“I share with our guys that 'God didn’t make everyone 6-foot-10, so you have been gifted with something that very few people have been gifted with. …,'” Mills said. “They’ve all been gifted by God in some capacity to use the game of basketball for the right reason, and we share with our guys often that we want to use our God-given talents for God-given reasons. ... Whatever talent or God-given ability that you and I possess, we need to use those things for the right reasons.”
The coach said that Jesus encouraged His disciples to "use what they have been given to aid other people."
“That’s what the game of basketball does. …,” he continued. “We can all use a game to properly deliver what we believe is most important.”
In a press conference last month during ORU's run in the NCAA Tournament, Mills shared the Gospel from a national stage. He said, "There is no other name [Jesus Christ] under Heaven and Earth which men must be saved."
Though ORU did not advance past the Sweet 16, Mills said he was “so happy” and had “such a feeling of elation” to witness the Baylor Bears win the national championship on Monday night with a win over Gonzaga.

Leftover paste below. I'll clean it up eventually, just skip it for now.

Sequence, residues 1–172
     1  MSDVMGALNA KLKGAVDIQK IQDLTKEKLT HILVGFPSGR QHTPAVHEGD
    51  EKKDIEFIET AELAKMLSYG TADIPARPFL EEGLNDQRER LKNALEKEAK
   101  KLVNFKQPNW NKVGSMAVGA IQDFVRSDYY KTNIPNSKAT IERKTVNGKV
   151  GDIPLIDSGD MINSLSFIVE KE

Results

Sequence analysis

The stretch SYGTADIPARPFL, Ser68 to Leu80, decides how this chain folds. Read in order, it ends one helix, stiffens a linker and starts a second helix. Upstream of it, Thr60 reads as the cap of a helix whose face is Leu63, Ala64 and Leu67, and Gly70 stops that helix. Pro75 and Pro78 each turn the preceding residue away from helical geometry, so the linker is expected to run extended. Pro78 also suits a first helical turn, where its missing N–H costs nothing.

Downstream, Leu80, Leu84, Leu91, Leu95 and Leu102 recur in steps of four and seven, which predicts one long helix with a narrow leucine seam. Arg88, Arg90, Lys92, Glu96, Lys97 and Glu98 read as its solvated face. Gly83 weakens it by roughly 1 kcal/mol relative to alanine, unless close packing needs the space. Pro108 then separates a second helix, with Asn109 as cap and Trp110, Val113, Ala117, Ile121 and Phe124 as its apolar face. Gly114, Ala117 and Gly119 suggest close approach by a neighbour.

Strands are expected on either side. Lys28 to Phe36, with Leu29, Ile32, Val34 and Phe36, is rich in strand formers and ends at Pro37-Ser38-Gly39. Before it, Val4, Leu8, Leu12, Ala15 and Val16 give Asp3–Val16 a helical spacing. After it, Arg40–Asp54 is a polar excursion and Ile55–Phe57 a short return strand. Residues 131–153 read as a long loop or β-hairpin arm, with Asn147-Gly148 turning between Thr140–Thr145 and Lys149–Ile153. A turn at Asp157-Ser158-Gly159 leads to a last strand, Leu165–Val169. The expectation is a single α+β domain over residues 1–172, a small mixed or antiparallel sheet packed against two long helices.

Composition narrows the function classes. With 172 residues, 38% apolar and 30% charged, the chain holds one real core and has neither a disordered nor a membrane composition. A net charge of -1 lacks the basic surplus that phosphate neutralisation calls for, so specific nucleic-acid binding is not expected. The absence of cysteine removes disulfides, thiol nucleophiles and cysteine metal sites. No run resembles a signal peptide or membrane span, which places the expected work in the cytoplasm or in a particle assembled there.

Mills was instrumental in rebuilding the Baylor basketball program, spending 14 years of his coaching career in Waco.
“I was so happy for [coaches] Scott Drew and Jerome Tang. I was there 14 years with those guys and was very much aware of the work that has been invested in that program," he said.
"But I was more happy for that entire basketball staff, those basketball players, the basketball and Baylor community because I know that their desire is to do this the right way and represent this the right way,” he added. “And having been around those guys every day for a 14-year period, I can tell you that their hearts are in the right place and they want to do this for all of the right reasons. So, when those things end up playing out as you hoped, it’s a pretty awesome feeling.”
During his time at Baylor, Mills said coaches emphasized temporary stewardship of God’s gifts and that ‘unless the Lord builds the house, we’re laboring in vain.’”
Seeing his former team win the national title was the culmination of many years of this investment.
“To watch this play out on the national stage as it did and to win a national championship, in my mind, is just a culmination of a commitment to use your platform in a God-honoring way,” Mills argued.
Had the Golden Eagles won in the two-point March 27 loss to Arkansas, ORU would have faced Baylor in the Elite Eight round.